Many studies have confirmed that the best conception rates are obtained when cows are inseminated from mid to late oestrus. The conclusions of Trimberger, (1948) has led to the universally accepted AM - PM schedule for inseminating cows. The guideline suggests that cows found in oestrus during the AM period be inseminated at the following PM and the cows in oestrus at the PM be inseminated the following AM. Variations of this rule have been tested with single and multiple AI during oestrus periods and once daily AI after the AM milking with no adverse effect on conception rates. The objective of this study was to determine the effect of time of insemination on Non Return Rates (NRR’s) in a sample of seasonal breeding New Zealand dairy cows submitted for insemination once a day after following the AM - PM guideline. Two hundred farms participated in this trial with over 12,000 animals representing Friesian, Jersey and Cross breeds were included in this dataset. The farmers were asked to keep accurate records on when cows were first detected in oestrus during the first two weeks of mating. There was no significant difference in 18 to 24 day non return rates for all cows observed in heat at the two time periods and inseminated the following AM (71.8%, PM and 71.6% AM respectively, p = 0.18). There was no effect of bulls or age of cows. A nominal effect of breed of cow was observed. In conclusion, there was no effect on NRR when cows were inseminated at the one time period after AM milking whether they were first observed in heat the previous PM or the AM just prior to insemination.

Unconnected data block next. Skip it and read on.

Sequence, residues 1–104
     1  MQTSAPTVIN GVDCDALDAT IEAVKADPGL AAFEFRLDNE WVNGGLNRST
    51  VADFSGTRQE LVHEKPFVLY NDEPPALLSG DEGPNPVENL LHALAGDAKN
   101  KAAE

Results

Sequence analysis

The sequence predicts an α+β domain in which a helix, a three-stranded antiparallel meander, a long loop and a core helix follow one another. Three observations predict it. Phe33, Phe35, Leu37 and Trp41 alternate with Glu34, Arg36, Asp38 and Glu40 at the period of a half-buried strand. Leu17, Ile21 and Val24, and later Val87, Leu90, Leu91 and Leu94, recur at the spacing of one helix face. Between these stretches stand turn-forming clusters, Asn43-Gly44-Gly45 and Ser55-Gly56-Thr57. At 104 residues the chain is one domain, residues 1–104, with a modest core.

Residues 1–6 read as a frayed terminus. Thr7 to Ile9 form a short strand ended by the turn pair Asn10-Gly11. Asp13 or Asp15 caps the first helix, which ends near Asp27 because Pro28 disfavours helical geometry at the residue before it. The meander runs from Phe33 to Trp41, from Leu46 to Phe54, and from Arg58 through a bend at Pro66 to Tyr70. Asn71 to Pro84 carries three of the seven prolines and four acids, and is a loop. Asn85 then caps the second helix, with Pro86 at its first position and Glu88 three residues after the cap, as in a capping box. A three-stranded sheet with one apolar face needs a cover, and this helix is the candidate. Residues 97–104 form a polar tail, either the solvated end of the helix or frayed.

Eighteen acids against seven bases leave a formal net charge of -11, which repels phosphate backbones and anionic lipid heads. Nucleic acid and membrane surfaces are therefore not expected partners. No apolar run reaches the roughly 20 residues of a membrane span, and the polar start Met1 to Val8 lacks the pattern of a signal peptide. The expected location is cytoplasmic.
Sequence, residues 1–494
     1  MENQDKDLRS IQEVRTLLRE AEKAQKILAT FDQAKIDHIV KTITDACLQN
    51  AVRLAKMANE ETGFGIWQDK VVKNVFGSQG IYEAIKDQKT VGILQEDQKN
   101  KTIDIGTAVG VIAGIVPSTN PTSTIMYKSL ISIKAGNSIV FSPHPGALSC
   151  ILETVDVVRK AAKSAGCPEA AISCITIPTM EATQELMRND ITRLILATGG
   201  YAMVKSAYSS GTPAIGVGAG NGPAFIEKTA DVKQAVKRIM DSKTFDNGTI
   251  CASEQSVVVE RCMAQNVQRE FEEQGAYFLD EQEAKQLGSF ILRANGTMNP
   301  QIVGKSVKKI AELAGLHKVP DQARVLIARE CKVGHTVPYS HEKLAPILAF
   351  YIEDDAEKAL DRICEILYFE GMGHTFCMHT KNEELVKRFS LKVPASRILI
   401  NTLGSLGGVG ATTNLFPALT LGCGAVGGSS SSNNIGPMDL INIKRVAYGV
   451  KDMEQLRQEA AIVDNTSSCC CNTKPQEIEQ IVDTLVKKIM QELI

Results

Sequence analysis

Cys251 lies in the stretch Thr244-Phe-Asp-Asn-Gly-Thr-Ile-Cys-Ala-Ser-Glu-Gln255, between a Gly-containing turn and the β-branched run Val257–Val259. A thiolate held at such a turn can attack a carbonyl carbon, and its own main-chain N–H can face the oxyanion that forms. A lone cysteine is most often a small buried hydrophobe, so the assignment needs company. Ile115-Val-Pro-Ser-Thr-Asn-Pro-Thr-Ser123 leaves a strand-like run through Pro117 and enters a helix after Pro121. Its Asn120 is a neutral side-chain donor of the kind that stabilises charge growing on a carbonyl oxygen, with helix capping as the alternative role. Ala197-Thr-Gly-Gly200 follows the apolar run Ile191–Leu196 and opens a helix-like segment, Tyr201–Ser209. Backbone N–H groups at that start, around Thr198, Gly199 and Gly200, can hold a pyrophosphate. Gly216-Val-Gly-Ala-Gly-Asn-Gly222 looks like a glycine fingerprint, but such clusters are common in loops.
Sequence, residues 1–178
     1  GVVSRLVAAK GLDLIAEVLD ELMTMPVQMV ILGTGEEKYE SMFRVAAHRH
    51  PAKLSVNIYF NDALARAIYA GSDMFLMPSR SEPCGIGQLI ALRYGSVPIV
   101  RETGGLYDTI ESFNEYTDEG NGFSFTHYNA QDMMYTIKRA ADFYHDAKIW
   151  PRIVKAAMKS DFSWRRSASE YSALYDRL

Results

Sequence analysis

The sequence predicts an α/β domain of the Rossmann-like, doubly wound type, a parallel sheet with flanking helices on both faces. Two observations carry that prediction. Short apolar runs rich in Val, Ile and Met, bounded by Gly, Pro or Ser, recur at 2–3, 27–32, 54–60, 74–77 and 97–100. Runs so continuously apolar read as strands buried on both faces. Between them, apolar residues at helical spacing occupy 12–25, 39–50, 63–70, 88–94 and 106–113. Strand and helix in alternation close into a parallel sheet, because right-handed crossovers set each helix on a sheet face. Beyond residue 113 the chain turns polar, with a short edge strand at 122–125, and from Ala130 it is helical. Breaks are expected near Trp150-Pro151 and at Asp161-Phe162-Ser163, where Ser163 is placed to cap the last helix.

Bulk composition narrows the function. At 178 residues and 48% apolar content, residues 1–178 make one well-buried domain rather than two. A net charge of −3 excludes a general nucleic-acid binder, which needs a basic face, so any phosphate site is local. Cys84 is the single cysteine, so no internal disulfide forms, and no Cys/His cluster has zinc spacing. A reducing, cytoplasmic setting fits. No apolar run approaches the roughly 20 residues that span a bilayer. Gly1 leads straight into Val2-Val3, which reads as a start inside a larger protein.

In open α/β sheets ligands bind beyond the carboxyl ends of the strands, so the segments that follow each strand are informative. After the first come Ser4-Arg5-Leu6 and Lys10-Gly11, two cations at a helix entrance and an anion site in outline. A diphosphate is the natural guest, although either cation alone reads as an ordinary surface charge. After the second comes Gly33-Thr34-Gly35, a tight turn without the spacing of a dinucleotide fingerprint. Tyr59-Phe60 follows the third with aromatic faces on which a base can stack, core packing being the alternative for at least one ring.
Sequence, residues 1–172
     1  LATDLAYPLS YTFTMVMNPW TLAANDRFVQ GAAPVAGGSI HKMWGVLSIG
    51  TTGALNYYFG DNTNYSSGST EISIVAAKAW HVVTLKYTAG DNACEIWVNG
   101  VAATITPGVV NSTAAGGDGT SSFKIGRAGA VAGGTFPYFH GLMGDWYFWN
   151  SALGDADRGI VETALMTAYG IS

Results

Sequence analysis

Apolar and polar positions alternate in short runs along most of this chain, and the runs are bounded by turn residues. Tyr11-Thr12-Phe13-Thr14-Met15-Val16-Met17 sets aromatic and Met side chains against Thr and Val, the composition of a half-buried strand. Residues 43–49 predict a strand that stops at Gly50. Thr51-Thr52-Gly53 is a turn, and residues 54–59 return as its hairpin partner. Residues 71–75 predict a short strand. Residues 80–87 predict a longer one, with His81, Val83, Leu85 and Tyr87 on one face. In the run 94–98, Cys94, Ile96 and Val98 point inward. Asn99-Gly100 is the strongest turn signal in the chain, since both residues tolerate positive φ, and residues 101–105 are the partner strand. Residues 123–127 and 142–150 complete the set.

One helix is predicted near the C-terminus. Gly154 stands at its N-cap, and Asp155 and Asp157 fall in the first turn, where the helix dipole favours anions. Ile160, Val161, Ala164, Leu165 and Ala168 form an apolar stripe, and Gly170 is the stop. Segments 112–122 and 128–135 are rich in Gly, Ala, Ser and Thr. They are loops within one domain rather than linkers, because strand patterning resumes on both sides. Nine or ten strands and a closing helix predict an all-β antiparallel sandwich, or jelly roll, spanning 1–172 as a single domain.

Proceedings of the New Zealand Society of Animal Production, Volume 64, Hamilton, 140-142, 2004
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